Financing infrastructure improvements

So how do we fund our water infrastructure needs here in the Kanawha Valley?

Aging infrastructure and lack of infrastructure re-investment is a national problem. But it’s especially acute here where we have a declining customer base to pay for it.

WV American Water’s proposal is that new rates should reflect a 10.75% profit rate on infrastructure investment by the company. But we know that the company has been chronically unable to keep pace with infrastructure replacement needs. At the current rate of investment, it would take nearly 400 years to replace all of the company’s water mains. And we know that WV American Water’s parent company has had little incentive to make more investments here because it’s more profitable for them to invest elsewhere.

In the past, public money has gone to finance the water company’s infrastructure expansion. When WV American Water took over Boone County’s public service districts, for example, the Boone County Commission got public money to pay for extensions to WV American Water’s system; those bonds were then paid off through surcharges on water bills. Interest rates on government bonds are signficantly cheaper than capital raised by WV American Water. (A recent state budget shows outstanding bonds from the WV Infrastructure and Jobs Development Council with interest rates of 2-5%, far lower than the 10.75% return proposed by WV American Water). If public money can finance infrastructure expansion, why not infrastructure replacement?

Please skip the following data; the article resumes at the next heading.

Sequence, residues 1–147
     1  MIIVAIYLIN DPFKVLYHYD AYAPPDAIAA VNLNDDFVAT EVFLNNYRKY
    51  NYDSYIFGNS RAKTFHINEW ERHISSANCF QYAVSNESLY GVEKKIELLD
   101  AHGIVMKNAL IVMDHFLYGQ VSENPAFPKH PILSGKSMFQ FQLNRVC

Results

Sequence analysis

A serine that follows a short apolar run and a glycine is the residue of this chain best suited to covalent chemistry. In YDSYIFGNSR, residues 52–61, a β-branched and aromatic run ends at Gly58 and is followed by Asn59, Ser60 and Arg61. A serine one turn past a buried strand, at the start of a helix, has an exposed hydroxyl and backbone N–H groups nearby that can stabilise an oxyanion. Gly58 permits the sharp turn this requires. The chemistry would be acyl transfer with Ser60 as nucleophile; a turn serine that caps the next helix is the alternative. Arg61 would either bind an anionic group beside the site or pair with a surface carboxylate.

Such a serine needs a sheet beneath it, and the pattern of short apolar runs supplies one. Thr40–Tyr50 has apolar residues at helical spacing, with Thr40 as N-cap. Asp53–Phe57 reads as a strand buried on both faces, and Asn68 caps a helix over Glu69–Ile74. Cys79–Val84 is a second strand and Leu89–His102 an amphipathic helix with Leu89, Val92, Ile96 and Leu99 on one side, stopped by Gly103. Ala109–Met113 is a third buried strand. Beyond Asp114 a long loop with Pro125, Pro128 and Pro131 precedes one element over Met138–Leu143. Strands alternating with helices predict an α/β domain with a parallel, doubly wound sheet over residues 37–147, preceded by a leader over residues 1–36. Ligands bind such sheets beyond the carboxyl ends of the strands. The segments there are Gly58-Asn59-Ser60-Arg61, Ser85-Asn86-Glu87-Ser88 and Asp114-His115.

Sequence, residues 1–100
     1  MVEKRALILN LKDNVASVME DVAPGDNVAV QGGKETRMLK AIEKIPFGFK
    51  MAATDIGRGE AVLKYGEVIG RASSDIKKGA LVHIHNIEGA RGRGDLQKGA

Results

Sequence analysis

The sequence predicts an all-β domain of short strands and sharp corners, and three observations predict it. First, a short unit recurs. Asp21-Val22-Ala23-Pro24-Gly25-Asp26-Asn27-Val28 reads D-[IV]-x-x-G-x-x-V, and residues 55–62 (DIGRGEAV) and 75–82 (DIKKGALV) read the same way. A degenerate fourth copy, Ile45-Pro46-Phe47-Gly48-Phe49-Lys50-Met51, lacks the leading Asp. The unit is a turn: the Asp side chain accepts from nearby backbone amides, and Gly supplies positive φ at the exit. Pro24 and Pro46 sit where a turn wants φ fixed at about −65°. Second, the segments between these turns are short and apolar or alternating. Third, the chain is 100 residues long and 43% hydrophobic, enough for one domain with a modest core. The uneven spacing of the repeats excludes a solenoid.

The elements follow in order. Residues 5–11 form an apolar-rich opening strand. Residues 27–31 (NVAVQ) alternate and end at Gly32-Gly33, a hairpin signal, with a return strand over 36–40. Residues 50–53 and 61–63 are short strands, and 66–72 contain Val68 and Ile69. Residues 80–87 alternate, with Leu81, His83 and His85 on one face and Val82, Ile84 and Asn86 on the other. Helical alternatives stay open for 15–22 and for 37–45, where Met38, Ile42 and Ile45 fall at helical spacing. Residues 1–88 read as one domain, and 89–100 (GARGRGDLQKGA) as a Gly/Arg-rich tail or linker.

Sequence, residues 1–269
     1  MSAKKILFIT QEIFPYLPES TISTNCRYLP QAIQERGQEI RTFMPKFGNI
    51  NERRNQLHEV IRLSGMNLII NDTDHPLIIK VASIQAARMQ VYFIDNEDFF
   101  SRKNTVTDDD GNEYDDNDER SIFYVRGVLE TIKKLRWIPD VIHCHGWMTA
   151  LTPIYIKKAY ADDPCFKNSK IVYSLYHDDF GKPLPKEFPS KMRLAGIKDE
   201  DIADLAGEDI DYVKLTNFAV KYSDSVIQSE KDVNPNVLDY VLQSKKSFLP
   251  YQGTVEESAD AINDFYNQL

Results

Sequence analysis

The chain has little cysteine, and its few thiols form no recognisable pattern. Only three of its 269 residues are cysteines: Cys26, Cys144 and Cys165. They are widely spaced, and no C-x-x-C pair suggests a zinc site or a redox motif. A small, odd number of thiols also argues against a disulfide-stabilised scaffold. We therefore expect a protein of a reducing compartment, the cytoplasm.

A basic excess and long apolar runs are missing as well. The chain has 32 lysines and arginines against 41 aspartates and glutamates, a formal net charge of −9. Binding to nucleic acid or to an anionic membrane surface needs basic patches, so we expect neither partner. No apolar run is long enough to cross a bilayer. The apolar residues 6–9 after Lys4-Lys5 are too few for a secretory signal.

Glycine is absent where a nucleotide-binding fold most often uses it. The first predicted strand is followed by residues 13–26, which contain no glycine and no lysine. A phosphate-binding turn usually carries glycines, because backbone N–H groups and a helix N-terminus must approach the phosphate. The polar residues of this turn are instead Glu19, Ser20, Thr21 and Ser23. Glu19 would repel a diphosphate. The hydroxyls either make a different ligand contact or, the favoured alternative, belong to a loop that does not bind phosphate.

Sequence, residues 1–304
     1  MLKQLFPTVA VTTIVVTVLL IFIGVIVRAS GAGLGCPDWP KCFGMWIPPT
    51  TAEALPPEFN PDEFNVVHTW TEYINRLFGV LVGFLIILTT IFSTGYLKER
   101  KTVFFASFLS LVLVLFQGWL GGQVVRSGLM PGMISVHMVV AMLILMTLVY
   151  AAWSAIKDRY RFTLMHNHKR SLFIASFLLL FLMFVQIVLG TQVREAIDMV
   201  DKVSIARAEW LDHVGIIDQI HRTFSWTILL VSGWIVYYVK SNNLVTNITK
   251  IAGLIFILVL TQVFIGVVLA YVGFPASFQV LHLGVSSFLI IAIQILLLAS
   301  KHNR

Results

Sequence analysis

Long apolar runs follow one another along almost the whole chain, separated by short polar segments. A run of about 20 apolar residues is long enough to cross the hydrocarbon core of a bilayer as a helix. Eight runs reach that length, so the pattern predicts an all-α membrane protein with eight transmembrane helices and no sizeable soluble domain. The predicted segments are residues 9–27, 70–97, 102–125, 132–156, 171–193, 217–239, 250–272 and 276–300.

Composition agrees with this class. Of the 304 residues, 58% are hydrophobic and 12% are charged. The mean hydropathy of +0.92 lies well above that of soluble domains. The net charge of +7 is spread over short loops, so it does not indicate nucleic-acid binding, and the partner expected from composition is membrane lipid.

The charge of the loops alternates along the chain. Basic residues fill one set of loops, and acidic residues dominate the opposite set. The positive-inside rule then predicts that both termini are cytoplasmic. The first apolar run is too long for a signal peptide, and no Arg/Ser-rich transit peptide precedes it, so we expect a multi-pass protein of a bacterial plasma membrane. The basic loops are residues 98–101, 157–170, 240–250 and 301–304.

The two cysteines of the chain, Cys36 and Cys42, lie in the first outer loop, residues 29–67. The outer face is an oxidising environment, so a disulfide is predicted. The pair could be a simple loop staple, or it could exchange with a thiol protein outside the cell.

Other parts of the country are able to think more creatively about financing their infrastructure needs. Washington D.C. is undergrounding its electrical distribution system, owned by the private electric utility Pepco. This billion-dollar investment is 50% financed by Pepco (who earns a profit on its investment), with the rest coming from D.C. funds and bonds floated by the D.C. government. The project is being managed in a partnership between Pepco and the D.C. Department of Transportation. Utility customers pay less for the project than if it were entirely privately financed, and the city has more control over managing the investment.

Clearly our traditional approach has failed to produce the infrastructure investment we need. What next?

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